Regarding market price fluctuations, stakeholder organisations are working to pay a fair price to farmers for their coffee production. Primrose pay more than the market price for a kilogram of red cherry, and those farmers that bring quality red cherry are paid a cash incentive, ensuring higher-than-average overall quality.
There is only one main harvest a year in Ethiopia -this usually takes place in November and December across all of the country's growing regions. There are, on average, 4 passes made during the harvest period, and, in regions that produce both washed and naturals, the last pass is used for the natural coffee.
Coffee is selectively hand-picked before being delivered to the mill collection points, usually within 7 km of the producer’s homes. Here, lots are separated by quality, producer and date of production. At the mill, the cherry is floated and sorted, separate out any overripe, under-ripe or damaged bean.
Once separated, the coffee is mechanically pulped. Washed coffees are generally pulped on the same day that they are picked (usually in the evening/night) and sorted into three grades by weight (heavy, medium and floaters). Next, the cherry is placed into a concrete tank, where it will ferment for between 48 to 72 hours. Once the fermentation is complete, the coffee is washed via grading channel, separating the coffee by quality as well as removing any remaining mucilage.
The beans are next delivered to raised beds to dry. Here, they are hand-sorted, usually by women, before being thinly spread to dry. Beans are regularly turned over the course of several weeks, or until it reaches 12% humidity according to the moisture metre. Finally, the coffee is transported to Primrose's dry mill and warehouse in Addis Ababa city. Here coffee is dry milled, removing; foreign material, remaining parchment, and defected beans, ready for export.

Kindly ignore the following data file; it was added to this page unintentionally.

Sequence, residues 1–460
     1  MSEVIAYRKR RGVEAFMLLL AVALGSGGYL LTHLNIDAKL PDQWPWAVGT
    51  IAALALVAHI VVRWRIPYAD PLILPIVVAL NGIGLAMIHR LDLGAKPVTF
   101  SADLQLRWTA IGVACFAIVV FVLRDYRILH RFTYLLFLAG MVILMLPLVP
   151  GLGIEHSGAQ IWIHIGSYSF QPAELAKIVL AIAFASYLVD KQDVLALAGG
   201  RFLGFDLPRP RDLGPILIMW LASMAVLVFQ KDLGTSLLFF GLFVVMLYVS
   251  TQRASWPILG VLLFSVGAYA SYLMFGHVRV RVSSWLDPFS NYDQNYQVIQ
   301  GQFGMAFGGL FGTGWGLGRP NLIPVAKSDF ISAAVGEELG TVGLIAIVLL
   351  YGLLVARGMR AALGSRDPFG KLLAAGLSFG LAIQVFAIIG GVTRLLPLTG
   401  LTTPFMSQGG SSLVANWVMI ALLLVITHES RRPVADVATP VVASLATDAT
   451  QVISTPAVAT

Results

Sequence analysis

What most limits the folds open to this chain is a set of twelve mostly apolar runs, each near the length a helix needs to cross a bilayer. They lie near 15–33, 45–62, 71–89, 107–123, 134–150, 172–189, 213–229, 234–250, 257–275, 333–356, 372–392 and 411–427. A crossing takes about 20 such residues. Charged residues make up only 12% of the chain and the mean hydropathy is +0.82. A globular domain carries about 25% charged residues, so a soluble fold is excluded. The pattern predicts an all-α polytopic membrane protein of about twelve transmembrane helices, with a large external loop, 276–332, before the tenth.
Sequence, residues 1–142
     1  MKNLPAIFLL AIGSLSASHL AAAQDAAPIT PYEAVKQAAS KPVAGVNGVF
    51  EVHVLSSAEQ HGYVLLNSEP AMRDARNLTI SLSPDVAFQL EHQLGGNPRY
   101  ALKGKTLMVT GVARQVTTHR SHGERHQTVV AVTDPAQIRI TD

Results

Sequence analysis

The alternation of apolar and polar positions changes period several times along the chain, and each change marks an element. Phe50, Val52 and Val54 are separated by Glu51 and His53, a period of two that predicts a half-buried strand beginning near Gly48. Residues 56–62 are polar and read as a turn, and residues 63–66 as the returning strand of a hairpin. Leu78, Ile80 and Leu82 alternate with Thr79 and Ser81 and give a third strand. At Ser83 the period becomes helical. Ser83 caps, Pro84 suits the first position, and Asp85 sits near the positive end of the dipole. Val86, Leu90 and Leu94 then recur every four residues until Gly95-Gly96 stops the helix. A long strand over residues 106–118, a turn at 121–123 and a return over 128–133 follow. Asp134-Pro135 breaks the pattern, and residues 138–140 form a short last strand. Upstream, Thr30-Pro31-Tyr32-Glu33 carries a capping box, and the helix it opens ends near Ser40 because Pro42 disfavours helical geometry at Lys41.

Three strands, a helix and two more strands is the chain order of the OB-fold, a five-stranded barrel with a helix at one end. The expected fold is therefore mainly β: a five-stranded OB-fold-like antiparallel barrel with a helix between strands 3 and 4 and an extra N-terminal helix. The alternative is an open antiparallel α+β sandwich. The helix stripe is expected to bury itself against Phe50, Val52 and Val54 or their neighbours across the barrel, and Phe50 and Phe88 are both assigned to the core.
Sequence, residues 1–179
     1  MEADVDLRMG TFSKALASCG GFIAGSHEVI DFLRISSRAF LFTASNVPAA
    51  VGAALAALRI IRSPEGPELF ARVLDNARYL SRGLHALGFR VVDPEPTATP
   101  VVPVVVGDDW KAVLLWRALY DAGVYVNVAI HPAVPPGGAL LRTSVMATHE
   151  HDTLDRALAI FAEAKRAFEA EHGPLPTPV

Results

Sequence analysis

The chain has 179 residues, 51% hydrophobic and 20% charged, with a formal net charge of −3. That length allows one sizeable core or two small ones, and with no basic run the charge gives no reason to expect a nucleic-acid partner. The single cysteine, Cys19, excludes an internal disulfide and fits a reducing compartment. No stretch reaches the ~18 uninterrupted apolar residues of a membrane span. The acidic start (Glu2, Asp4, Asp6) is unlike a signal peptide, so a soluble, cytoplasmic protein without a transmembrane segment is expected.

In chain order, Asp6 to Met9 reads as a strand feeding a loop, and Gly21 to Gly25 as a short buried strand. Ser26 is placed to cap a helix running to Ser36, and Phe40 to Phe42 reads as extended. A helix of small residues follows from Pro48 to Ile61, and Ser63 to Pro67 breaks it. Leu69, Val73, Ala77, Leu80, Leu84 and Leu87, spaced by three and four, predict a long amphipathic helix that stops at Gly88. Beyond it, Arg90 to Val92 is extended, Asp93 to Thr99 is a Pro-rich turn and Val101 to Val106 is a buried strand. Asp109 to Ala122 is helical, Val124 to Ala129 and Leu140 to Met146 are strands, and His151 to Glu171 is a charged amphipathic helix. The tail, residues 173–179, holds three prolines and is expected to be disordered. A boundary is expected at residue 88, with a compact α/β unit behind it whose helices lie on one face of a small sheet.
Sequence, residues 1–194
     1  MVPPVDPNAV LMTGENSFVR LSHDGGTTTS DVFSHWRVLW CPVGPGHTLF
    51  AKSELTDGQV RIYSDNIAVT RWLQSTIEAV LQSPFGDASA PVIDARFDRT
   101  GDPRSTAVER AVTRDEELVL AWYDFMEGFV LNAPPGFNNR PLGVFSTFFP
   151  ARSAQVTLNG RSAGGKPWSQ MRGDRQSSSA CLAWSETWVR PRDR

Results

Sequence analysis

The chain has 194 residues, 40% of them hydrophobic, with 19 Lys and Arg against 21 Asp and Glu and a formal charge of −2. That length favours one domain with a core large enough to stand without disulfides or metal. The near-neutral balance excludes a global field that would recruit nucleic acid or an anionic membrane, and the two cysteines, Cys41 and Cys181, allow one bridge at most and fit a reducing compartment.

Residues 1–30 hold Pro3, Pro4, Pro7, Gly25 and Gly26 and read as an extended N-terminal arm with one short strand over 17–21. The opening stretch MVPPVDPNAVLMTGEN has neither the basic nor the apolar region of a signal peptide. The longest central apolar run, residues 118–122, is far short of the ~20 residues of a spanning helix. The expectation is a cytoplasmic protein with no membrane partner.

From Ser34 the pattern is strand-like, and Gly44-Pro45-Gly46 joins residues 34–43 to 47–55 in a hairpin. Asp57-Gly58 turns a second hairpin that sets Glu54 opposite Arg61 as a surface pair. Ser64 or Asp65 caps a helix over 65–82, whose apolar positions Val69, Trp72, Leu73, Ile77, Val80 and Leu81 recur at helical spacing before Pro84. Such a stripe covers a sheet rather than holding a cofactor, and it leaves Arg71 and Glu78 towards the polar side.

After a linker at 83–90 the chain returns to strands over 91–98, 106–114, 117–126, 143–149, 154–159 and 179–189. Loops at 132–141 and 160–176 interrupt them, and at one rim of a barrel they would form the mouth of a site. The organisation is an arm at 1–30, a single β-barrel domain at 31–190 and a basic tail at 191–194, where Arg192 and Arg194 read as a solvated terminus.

Varieties of coffee grown here are traditionally referred to as ‘heirloom’ by exporters –a catchall terminology which often masks the wide assortment of varieties that may be present within various regions...even, within farms. It is thought that there may be up to ten thousand naturally occurring varieties in the wild. Many of these varieties will have been developed originally by Ethiopia’s Jimma Agricultural Research Centre (JARC), which, since the late 1960s, has worked to develop resistant and tasty varieties for the Ethiopian coffee industry and also to provide the agricultural extension training needed to cultivate them. The dual factors of Ethiopian Commodity Exchange (ECX) forced anonymisation of lots (see below) combined with the relatively low awareness of formal variety names outside Ethiopia has meant that the JARC’s work has historically been under-recognised by specialty importers and roasters, but a new book issued by Counter Culture Coffee in the USA (2018/19) has drawn new attention to the topic, and rightly so.
It is important to note that varieties in Ethiopia fall within two main groups –regional or local landraces (of which there are at least 130, 33 of which would hail from the Southern growing regions) or JARC varieties. Most farmers have a mix of both the improved and the indigenous landrace varieties (inherited from parents and grandparents) on their farms.
Our recognition of these processes as an industry, admittedly, lags behind. It still remains difficult to get information from mills and exporters regarding the exact varieties that go into various lots. Mercanta will continue to work with our partners in Ethiopia on this important issue, and we hope that in the coming year we will be able to provide more detailed information on the distinct varieties being grown by the farmers contributing to our Ethiopian lots.